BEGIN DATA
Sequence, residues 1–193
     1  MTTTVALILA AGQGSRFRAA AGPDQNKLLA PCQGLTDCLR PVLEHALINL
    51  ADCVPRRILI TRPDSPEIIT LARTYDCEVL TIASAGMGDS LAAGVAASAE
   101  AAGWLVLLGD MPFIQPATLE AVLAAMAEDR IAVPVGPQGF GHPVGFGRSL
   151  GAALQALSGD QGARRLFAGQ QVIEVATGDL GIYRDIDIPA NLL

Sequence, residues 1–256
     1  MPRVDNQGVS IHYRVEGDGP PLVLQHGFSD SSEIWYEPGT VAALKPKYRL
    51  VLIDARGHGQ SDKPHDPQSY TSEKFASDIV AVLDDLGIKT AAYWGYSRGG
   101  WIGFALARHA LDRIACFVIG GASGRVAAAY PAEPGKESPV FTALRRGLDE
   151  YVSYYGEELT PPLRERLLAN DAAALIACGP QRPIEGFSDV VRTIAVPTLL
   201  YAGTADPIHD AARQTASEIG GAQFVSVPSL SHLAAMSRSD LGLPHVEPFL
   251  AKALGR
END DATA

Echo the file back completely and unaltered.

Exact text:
Sequence, residues 1–193
     1  MTTTVALILA AGQGSRFRAA AGPDQNKLLA PCQGLTDCLR PVLEHALINL
    51  ADCVPRRILI TRPDSPEIIT LARTYDCEVL TIASAGMGDS LAAGVAASAE
   101  AAGWLVLLGD MPFIQPATLE AVLAAMAEDR IAVPVGPQGF GHPVGFGRSL
   151  GAALQALSGD QGARRLFAGQ QVIEVATGDL GIYRDIDIPA NLL

Sequence, residues 1–256
     1  MPRVDNQGVS IHYRVEGDGP PLVLQHGFSD SSEIWYEPGT VAALKPKYRL
    51  VLIDARGHGQ SDKPHDPQSY TSEKFASDIV AVLDDLGIKT AAYWGYSRGG
   101  WIGFALARHA LDRIACFVIG GASGRVAAAY PAEPGKESPV FTALRRGLDE
   151  YVSYYGEELT PPLRERLLAN DAAALIACGP QRPIEGFSDV VRTIAVPTLL
   201  YAGTADPIHD AARQTASEIG GAQFVSVPSL SHLAAMSRSD LGLPHVEPFL
   251  AKALGR